9. Encourage your children to ask questions, write letters, draw pictures, and share stories with safe adults if they have been a part of or witnessed any religious, racial, sexual orientation, or cultural bullying.
  10. Model acceptance, respect, inclusion, and hope for your children daily.

Much of the above may sound like common sense; however, many of us forget to have specific and concrete discussions with our children on these complicated and painful topics. Having your children explore, define, and identify key behaviors, words, and experiences related to ‘isms’ vs. respect, will empower your children and teach them to recognize and enact the differences. Modeling acceptance and respect of others to your children is even more powerful than words, and can be transformative. It is not only imperative that we teach our children how to cope with racial, sexual, religious, and cultural biases in these difficult times, but also to teach our children not to fear these differences.

 

 


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  • Exceptional, impressive, thoroughly 'kid friendly' from beginning to end, "Family Changes: Explaining Divorce to Children" should be a part of every community library Parenting Studies collections. For families with young children who are having to deal with divorce, "Family Changes: Explaining Divorce to Children" will prove to be an invaluable and instructive aid.

    Editor in Chief - Midwest Book Review

  • Those of us parenting, working with, or caring for children experiencing divorce will welcome Family Changes as a unique, positive, and creative resource for helping children understand and cope with this complicated transition. The comprehensive note to adults effectively explains how children work through painful questions and feelings. The touching story—with the endearing Zoey and her attempt to understand a very grown up topic—ends with extremely helpful follow up questions that will be highly valued by parents, child advocates, therapists, and others who wish to better serve children during this difficult time. I highly recommend this book to parents and professionals.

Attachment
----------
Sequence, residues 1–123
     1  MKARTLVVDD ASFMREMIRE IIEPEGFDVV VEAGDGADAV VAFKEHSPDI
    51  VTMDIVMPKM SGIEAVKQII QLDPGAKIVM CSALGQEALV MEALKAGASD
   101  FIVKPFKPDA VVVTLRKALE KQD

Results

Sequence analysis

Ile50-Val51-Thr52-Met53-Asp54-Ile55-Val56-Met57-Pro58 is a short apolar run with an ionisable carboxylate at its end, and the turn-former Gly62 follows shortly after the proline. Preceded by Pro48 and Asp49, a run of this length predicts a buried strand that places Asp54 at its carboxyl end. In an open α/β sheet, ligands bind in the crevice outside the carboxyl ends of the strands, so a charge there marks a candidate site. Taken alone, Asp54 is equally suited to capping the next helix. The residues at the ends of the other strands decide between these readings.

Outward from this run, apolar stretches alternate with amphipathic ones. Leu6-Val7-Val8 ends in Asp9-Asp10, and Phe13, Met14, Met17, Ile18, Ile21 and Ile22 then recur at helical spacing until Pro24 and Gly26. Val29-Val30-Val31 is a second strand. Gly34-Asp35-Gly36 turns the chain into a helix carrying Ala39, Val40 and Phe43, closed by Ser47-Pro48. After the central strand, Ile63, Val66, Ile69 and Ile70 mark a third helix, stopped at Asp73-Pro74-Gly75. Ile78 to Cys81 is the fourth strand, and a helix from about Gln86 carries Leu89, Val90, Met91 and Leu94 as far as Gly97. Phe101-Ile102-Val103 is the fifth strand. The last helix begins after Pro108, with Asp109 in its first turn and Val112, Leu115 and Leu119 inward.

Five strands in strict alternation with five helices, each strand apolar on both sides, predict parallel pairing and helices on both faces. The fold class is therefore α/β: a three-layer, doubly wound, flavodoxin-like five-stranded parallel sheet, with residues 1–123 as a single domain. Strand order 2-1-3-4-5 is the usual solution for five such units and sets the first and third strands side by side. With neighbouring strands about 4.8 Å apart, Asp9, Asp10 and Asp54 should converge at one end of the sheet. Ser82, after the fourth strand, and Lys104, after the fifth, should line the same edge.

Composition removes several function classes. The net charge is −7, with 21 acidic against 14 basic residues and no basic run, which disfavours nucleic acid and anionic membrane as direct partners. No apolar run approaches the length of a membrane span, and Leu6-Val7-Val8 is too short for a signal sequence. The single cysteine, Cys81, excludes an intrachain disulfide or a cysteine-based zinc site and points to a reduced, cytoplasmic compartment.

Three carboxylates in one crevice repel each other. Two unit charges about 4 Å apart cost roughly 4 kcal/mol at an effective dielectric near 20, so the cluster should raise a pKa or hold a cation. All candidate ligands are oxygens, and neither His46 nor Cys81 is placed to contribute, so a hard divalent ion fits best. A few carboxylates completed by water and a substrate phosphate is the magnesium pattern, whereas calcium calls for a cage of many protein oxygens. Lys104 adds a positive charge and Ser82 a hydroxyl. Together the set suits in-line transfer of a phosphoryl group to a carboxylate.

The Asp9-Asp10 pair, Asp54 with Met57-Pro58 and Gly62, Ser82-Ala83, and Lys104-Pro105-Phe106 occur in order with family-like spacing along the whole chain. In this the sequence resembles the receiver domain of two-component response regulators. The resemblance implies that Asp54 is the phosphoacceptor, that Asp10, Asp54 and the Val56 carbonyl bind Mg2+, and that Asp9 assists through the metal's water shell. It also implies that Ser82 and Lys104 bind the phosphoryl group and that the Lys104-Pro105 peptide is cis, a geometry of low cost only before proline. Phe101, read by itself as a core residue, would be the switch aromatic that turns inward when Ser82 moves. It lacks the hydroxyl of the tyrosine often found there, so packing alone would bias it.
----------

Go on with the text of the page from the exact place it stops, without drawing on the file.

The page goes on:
Sacha Coupet, Ph.D., J.D. Clinical Psychologist and Associate Professor of Family Law, Loyola University, Chicago, IL

  • Family Changes: Explaining Divorce to Children is an outstanding book that is gentle, positive, and validating for both children and adults. With an excellent and informative parent guide about the value of talking to children about their feelings, a highly sensitive and engaging story with exquisite illustrations, and an effective list of questions that children typically ask, this book is essential reading for divorcing families, and for therapists and advocates working with children of divorce.

    Sandra A. Graham-Bermann, Ph.D., Professor of Psychology and Psychiatry, University of Michigan